By Sister Karen Zielinski, OSF
The weather was getting cooler, and the colorful fall leaves were not going to last much longer. It was a sign for me to make some soup.
I decided on beef vegetable. I usually make Hubert Humphrey’s favorite recipe. While governor of Minnesota, Humphrey loved this soup. I found this recipe in a hospital auxiliary cookbook. It called for a pound and a half of stew meat, vegetables, and some other soup staples.
I bought “real” carrots-not the mini ones, but the much more flavorful long ones I would have to peel and cut. I diced my onions and celery, and even added some peeled, diced potatoes.
I ate the soup for two days, and froze several meal-sized containers for future meals. I had my “vegetable fix” for the last two days. I gave three servings away to some of my sisters.
Soup is pretty cool! Food historians tell us the history of soup “is probably as old as the history of cooking. The act of combining various ingredients in a large pot to create a nutritious, filling, easily digested, simple to make/serve food was inevitable. This made it the perfect choice for both sedentary and travelling cultures, rich and poor, healthy people and invalids.
Soup (and stews, pottages, porridges, gruels, etc.) evolved according to local ingredients and tastes. New England chowder, Spanish gazpacho, Russian borscht, Italian minestrone, French onion, Chinese won ton and Campbell’s tomato…are all variations on the same theme.” (I have to add Dill Pickle soup and Oxtail as my favorites!)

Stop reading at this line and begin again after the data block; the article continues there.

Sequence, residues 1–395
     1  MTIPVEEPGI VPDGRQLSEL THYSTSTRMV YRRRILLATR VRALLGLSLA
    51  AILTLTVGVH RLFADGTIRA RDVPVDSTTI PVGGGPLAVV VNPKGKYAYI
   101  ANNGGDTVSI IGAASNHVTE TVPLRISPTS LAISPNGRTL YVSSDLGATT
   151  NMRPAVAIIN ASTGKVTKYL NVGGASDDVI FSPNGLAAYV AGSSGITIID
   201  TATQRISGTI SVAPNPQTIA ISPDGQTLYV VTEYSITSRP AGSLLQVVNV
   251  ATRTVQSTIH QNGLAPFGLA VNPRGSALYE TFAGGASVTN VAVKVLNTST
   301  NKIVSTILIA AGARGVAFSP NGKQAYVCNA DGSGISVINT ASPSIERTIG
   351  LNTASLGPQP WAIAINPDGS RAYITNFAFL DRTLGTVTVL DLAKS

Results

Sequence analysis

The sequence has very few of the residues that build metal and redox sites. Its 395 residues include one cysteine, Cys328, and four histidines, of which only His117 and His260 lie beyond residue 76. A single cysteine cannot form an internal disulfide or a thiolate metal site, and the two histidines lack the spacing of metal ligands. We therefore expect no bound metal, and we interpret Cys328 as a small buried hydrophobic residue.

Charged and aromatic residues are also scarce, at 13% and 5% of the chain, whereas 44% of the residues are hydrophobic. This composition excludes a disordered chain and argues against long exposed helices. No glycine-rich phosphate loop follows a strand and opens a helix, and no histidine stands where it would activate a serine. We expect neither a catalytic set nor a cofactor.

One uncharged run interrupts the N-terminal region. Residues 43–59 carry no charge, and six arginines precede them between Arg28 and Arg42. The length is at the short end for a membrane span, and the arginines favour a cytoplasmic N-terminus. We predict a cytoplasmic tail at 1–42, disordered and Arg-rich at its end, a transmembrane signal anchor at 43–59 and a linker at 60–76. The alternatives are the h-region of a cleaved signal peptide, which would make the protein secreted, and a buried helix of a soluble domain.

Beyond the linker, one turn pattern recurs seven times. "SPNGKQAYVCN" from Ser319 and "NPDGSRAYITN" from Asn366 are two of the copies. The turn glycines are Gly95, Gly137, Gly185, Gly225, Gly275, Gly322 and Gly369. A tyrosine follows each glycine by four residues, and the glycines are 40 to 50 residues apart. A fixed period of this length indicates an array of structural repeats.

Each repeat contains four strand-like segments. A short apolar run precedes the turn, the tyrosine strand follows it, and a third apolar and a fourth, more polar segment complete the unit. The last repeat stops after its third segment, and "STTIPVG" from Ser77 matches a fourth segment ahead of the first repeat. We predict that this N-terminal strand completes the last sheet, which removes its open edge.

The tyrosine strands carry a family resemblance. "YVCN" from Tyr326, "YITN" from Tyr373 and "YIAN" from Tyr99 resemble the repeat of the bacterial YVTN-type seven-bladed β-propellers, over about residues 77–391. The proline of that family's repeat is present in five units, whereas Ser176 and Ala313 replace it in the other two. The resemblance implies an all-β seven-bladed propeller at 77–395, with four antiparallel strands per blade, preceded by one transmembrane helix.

Soup recipes abound in cookbooks, and soup has been the subject of many folk stories, like Stone Soup and Nail Soup. These are stories which basically tell the tale of a stranger (a clever young man, a monk, or a tramp) who tricks an old woman into believing that soup can be made from a stone. As the pot of water boils with the stone in it, he urges her to add more and more ingredients until the soup is a feast “fit for a king.”
Soup nourishes us in many ways. There is the homemade chicken noodle that has been shown to have medicinal benefits, helping persons get over the common cold a little faster than without it; there are comfort soups like vegetable barley served on cold winter nights with thick slices of bread for dinner, and delicious French onion with gooey cheese on top which we might eat out at restaurants.
Soup provides comfort and is perfect for eating with others. We know of soup kitchens where we might help stir up a nourishing pot, and we know that we nourish–and are nourished by those who eat our savory soups.
Soup is a social, physical and spiritual experience. It is more than diced carrots, beans or cabbage. It is part of the “stuff” of everyday life. It is cooking, healing, fellowship and creativity. It can be gourmet quality, or canned and condensed. We can get soup from a parish soup kitchen, or a fast food restaurant. Soup combines and transforms the water and produce of Earth and makes a century old recipe new and delicious.
When we make or eat soup, we are one with our Earth, and with those we share it with. If you have never made soup, try it. And pray the timeless blessing:
“Bless us, O Lord, and these thy gifts which we are about to receive, from thy bounty, through Christ our Lord, Amen!